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Periodical article Periodical article Leiden University catalogue Leiden University catalogue WorldCat catalogue WorldCat
Title:Sir George Grey Versus the Kaffir Relief Committee
Author:Peires, Jeffrey B.
Year:1984
Periodical:Journal of Southern African Studies
Volume:10
Issue:2
Period:April
Pages:145-169
Language:English
Geographic terms:The Cape
South Africa
Great Britain
Subjects:Xhosa
colonialism
famine
History and Exploration
Peoples of Africa (Ethnic Groups)
Link:https://www.jstor.org/stable/2636869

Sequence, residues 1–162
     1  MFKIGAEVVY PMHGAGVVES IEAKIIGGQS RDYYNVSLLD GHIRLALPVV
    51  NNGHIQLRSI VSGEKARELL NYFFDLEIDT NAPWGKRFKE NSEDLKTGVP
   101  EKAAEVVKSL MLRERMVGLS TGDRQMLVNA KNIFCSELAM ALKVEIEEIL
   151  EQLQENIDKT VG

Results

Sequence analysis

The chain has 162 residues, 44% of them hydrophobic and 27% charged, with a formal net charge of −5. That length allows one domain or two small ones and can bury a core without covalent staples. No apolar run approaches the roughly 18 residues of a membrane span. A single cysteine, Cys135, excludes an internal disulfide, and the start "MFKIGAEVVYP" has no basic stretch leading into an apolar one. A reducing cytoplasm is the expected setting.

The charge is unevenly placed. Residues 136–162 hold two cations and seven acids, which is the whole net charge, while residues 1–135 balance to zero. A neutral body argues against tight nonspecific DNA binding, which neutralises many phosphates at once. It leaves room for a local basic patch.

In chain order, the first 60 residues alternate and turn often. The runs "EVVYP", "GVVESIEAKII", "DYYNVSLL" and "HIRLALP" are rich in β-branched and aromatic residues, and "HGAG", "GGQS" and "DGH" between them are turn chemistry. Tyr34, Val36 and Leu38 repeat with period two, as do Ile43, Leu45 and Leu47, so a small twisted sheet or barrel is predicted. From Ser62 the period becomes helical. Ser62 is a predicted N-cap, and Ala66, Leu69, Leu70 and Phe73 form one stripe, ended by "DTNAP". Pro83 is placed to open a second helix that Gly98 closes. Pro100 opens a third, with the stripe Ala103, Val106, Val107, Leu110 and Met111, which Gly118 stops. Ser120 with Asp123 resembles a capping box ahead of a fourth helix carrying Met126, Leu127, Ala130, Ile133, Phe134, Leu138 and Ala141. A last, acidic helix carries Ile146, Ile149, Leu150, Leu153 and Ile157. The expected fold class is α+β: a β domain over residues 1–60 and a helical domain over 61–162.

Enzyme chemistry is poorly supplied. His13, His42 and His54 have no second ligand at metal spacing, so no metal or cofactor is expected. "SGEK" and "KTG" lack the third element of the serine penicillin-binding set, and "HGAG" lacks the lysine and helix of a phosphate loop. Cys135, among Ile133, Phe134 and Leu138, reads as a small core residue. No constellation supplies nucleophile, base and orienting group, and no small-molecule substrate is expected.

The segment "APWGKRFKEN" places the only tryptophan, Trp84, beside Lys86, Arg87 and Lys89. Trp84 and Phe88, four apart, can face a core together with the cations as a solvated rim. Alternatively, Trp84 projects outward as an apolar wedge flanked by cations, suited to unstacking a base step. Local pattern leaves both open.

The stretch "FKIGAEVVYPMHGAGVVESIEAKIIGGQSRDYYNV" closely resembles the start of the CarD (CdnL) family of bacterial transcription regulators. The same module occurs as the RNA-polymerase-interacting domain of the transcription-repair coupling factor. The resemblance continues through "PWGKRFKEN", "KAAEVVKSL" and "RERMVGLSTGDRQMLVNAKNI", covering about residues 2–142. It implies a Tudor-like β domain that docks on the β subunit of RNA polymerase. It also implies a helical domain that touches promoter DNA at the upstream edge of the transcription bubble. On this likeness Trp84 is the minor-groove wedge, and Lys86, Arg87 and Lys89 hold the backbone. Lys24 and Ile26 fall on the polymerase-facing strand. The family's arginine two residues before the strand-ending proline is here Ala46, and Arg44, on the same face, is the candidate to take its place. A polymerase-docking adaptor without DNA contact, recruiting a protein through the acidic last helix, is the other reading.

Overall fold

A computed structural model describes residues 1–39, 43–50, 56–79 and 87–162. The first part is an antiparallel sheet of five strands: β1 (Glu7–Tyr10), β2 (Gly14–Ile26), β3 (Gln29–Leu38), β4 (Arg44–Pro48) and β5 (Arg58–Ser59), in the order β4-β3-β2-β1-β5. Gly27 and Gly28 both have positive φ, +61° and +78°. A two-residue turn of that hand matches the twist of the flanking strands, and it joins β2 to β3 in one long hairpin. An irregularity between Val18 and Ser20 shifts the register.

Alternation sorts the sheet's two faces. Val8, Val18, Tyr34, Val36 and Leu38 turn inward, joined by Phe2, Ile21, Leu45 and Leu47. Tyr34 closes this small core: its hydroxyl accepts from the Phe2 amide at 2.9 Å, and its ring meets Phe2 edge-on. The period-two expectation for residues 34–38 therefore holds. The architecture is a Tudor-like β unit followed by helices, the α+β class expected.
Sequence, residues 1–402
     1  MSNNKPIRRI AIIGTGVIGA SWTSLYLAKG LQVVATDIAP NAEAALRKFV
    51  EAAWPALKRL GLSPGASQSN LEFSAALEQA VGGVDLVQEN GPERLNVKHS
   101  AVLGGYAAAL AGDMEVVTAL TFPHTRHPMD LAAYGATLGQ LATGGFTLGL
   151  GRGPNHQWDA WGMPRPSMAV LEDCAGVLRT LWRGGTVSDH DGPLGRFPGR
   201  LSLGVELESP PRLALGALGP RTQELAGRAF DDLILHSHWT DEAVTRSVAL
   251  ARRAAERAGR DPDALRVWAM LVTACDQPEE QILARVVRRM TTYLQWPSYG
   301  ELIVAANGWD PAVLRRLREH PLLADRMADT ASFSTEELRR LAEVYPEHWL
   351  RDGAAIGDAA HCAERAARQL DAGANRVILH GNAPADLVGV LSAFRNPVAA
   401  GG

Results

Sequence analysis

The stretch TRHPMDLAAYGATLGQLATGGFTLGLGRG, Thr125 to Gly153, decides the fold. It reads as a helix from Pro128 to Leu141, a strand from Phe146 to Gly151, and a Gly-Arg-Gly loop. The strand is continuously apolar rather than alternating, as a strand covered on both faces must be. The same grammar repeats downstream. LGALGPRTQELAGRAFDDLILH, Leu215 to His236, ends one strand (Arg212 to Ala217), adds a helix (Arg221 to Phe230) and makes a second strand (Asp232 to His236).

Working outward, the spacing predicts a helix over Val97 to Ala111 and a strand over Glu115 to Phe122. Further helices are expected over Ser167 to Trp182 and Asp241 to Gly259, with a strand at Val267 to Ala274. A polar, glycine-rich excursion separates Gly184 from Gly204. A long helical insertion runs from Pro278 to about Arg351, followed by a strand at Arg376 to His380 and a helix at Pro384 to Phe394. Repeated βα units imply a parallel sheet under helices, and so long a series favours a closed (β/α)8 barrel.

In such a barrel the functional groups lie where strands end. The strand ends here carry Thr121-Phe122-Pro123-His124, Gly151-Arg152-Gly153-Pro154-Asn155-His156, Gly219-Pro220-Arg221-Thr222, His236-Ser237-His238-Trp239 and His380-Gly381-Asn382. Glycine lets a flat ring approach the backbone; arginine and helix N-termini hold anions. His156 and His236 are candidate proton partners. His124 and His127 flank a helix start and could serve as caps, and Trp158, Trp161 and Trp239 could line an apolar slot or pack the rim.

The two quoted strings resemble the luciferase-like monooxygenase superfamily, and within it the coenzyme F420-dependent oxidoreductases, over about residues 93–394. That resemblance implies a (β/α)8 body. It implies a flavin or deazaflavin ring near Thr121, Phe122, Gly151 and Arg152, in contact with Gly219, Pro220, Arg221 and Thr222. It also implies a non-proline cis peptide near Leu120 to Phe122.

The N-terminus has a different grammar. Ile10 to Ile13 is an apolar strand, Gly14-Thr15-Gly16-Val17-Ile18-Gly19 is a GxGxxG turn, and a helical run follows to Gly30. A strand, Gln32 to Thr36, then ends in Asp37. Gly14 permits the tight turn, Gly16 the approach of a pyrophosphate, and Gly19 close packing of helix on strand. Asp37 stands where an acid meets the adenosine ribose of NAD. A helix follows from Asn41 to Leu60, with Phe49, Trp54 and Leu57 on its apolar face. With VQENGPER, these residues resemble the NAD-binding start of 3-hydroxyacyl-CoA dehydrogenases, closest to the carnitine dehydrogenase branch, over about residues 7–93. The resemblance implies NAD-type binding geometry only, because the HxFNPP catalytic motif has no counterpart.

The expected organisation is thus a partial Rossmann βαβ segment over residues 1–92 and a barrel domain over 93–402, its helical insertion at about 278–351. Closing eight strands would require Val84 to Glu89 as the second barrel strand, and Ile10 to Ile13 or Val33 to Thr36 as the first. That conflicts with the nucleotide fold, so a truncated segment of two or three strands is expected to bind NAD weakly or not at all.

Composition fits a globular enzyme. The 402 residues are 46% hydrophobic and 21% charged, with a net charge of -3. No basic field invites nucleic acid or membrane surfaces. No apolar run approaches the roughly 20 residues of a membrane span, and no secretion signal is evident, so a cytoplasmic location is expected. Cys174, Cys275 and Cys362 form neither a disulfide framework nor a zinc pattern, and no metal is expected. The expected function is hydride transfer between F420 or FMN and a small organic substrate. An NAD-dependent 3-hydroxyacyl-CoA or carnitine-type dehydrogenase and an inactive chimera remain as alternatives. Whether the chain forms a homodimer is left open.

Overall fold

Abstract:Sir George Grey arrived at the Cape in December 1854, just eighteen months before the great cattle-killing in Xhosaland commenced. Grey is, by common consent, a major figure in South African history, and most especially in the liberal version of it. Grey was the first to perceive the possibilities of the cattle-killing. What he was aiming at was to break the power of the chiefs, to end the political threat on the Cape frontier, and he wanted the Xhosa to become useful servants, consumers of British goods, contributors to the revenue. He wanted Xhosaland settled by a substantial European population. The cattle-killing by prophetical movements enabled Grey to bring about the changes he wanted immediately, totally and without hope of a resurrection. The Kaffir Relief Committee, founded in 1857, requested help to relieve the mass starvation following the great cattle-killing delusion of 1856-7. Humanity and compassion being not the sole considerations for Sir George Grey, his victory over the Kaffir Relief Committee illustrates the priority of the Cape's labour requirements in determining the policies of the Colonial government and demonstrates that Victorian liberalism, tailored to suit its self-interest, cannot be equated with simple humanitarianism. Notes.
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